Can the amla berry help with your reflux symptoms?

Many patients will take medication for reflux, such as proton pump inhibitors (PPIs), for long periods of time without understanding the risks.

Yet, official advice says PPIs shouldn’t be taken for more than three 14-day treatment courses in one year.

In our blog series on natural remedies, we look at alternatives people often use for relief from their reflux symptoms, such as heartburn and indigestion, and investigate whether there is any scientific evidence supporting the claims.

What is Amla?

Amla – also known as the Indian gooseberry (Phyllanthus emblica L.) – is a yellow-green fruit about the size of a plum found on trees in India.

Available as a juice, dried amla berry is also sold in the form of powder, tablets and capsules.

Why is it used for health benefits?

Amla has been used in Ayurveda, an alternative medicine system with historical roots in the Indian subcontinent, for many years and is popular for its apparent health benefits.

It has a high content of vitamin C and is rich in antioxidants – studies suggest the berry has 40 times more antioxidants than blackberries or blueberries.

Helping to rid the body of free radicals, destructive molecules that damage cells and DNA, antioxidants have been linked to a number of benefits, including protection against heart disease and cancer.

Amla also contains high concentrations of ascorbic acid, phenols and tannins, such as gallic acid and flavonoids. Some studies have reported that Amla extract possesses antisecretory, antiulcer, and cytoprotective components.

How can the amla berry help reflux?

Some studies have shown that in gastro-oesophageal reflux disease (GORD), antioxidants ‘increase levels of endogenous antioxidants, decrease pepsin and gastric acid production, lipid peroxidation, and ulceration, and alleviate subsequent damage to gastric cells’.

Does it work?

There are limited studies on amla and reflux.

However, a 2018 study evaluated the safety and efficacy of Amla tablets for improvement of symptoms of patients with non-erosive reflux disease.

Sixty-eight patients who had classic symptoms of reflux disease (heartburn, regurgitation and chest pain) for at least three months took part in a trial.

Patients consumed two 500 mg Amla tablets twice a day, after meals, for four weeks while a control group received placebo tablets similar to the Amla prescription.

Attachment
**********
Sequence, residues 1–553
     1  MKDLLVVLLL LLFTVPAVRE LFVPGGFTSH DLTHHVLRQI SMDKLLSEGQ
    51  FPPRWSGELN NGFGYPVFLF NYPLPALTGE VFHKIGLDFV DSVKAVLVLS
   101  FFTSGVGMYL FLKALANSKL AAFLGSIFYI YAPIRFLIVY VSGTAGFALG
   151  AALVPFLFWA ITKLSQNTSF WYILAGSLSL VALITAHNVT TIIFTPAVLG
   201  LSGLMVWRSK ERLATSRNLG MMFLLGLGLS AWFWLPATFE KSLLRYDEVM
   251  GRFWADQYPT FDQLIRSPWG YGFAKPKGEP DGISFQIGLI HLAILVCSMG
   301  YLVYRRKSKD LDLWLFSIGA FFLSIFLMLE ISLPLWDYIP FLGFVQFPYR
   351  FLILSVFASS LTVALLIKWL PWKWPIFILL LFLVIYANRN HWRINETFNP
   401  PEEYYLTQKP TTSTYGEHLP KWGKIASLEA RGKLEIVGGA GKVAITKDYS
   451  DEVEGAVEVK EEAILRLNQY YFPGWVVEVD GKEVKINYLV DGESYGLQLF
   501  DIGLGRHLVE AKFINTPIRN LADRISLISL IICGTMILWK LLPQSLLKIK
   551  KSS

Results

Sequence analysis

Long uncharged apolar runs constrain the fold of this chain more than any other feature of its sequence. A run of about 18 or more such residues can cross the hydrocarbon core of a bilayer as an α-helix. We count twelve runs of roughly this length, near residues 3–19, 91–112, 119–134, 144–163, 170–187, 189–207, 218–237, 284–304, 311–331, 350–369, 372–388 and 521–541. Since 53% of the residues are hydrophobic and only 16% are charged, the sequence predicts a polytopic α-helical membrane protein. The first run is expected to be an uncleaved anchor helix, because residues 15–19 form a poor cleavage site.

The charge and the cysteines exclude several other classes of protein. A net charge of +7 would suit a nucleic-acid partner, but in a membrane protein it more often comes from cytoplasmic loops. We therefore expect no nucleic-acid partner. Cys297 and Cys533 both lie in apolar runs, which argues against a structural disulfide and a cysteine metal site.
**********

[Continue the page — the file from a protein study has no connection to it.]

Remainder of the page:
Frequencies of heartburn and regurgitation in both groups of the study were significantly reduced after intervention but in the Amla group, there was a more significant reduction in regurgitation frequency, heartburn frequency, regurgitation severity and heartburn severity during the study period.

The trial concluded that Amla could reduce frequencies of heartburn and regurgitation and improve heartburn and regurgitation severity in patients with non-erosive reflux disease.


Without thorough scientific investigation, it is difficult to claim natural remedies really work and, of course, what works for one person may not always work for another.

Many people think that ‘they are safe because they are natural’ but this is not always true.

It is important to see your doctor for a full discussion about supplements and medication, especially if you develop new or worsening symptoms.

Further reading

Previous ‘reflux and natural remedies’ blogs include Ginger and Baking Soda, Manuka Honey and Aloe Vera, Melatonin, Liquorice and Apple Cider Vinegar and Slippery Elm and Kefir.

An early and objective diagnosis of reflux, such as Peptest provides, opens the door to lifestyle changes, and future treatment. Peptest can also be used after reflux treatments to assess the success or failure of any treatment. Find out more about Peptest and order your Peptest home testing kit now.

Disclaimer: This is an informational blog and does not constitute diet or lifestyle advice. We always recommend you do your own research on top to ensure it’s right for your specific circumstances. You can always get in touch if you have any questions. As an Amazon Associate, we earn from qualifying purchases. You should always consult your doctor prior to undertaking any treatment for reflux. This blog content was last updated in 2022.


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